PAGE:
Review Date

The Benchmark Administrator applies the rules in this Benchmark Statement to determine the new constituent and rebalancing weights at the review date. The review date is set on a per-benchmark basis in the relevant methodology. If not specified in the methodology, the review date is five business days before the rebalancing date. The Benchmark Administrator can apply an exception to this review date. If a benchmark user issues a financial instrument referencing a new benchmark later than the first date of the month, the initial review date can be set up to the listing date. The Benchmark Administrator can only make the exception if the initial review date cannot accurately and reliably represent the market or economic reality the benchmark intends to measure.

Responsibility, Authorization, and Distribution

  • Responsible for the implementation of this Statement: CTO.

  • Responsible for implementation control: CCO and Oversight Function.

  • Responsible for yearly review: Board of Directors.

  • Regulatory requirements: Articles 11, 12, and 13 of the Benchmarks Regulation.

Version History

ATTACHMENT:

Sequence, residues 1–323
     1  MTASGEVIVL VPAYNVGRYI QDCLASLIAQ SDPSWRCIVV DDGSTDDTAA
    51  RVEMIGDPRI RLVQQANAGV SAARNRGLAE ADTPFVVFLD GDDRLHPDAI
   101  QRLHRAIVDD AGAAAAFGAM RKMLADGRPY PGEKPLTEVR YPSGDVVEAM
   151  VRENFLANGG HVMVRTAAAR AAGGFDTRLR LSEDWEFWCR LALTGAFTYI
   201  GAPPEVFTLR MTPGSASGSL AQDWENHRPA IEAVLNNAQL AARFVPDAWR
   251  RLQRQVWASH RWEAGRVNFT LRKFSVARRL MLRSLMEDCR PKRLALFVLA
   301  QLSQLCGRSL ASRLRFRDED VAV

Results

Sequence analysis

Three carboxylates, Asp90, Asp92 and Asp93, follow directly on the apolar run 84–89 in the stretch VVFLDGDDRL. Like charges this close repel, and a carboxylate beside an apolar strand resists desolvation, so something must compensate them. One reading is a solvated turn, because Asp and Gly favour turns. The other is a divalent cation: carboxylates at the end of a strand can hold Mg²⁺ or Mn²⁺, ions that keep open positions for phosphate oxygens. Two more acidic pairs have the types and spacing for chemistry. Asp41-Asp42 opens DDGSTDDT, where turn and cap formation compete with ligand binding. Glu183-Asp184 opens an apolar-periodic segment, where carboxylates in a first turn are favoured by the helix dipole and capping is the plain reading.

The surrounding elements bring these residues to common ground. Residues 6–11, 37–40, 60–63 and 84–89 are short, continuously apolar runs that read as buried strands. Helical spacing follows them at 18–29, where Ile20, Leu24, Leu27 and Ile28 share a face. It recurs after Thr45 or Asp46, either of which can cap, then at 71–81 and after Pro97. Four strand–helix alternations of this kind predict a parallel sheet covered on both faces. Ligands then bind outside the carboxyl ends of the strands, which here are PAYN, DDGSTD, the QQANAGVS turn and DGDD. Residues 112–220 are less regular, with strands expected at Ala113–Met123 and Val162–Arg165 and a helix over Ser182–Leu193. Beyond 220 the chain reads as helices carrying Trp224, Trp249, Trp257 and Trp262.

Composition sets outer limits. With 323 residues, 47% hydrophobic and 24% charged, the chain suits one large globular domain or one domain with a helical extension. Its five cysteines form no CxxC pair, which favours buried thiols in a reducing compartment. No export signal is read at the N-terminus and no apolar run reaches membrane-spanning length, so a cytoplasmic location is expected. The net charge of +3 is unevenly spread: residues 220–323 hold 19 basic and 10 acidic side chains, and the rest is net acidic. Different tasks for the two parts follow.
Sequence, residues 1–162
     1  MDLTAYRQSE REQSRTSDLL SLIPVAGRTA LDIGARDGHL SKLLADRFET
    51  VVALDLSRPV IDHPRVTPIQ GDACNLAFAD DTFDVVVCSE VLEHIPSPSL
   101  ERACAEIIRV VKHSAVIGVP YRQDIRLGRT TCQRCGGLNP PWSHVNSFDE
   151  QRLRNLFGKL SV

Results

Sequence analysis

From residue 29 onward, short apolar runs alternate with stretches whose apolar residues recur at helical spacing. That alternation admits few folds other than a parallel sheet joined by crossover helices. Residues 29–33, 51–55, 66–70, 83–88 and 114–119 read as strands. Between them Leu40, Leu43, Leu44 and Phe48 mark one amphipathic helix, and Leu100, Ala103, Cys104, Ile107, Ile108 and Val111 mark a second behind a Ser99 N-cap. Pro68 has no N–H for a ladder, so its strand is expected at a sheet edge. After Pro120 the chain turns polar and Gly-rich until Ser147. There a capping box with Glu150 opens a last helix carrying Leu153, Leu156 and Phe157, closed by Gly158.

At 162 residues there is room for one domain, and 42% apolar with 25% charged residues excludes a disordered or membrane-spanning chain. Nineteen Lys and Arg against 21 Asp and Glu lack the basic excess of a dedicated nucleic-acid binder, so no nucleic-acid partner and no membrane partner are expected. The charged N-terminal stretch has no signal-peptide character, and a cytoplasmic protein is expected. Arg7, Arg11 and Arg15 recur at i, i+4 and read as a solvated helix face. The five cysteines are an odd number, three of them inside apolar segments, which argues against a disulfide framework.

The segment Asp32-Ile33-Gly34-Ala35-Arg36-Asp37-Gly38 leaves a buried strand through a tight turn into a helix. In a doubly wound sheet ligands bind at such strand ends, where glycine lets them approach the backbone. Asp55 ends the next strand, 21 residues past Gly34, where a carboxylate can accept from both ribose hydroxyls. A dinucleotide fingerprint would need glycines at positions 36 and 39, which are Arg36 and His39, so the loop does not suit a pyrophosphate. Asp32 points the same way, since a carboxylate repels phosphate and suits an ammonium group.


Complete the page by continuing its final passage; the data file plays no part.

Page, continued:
Invierno AB is not a registered investment, tax advisor, or broker/dealer. The content of this document is intended only to provide general and preliminary information and shall not be construed as investment, tax, legal, or financial advice. The reader shall ensure that all of his or her investment decisions are not made based on the content of this document and shall be solely responsible for all financial losses made in connection with investment decisions. Nothing contained in this document constitutes a solicitation, recommendation, endorsement, or offer by Invierno AB or any third party associated with Invierno AB to buy or sell any financial instruments in this or any other jurisdiction. Although best efforts are made to ensure that all information on this document is accurate and up to date, unintended errors and misprints may occasionally occur. Invierno AB (559207-4172) is a registered Benchmark Administrator by Finansinspektionen (FI) and the European Securities and Markets Authority (ESMA) under Article 34 of the European Benchmarks Regulation (2016/1011). Vinter is a registered trademark owned by Invierno AB. Various intellectual property rights protect Invierno AB and its indexes. All third-party use of Vinter and its indexes requires a licensing agreement by law with Invierno AB.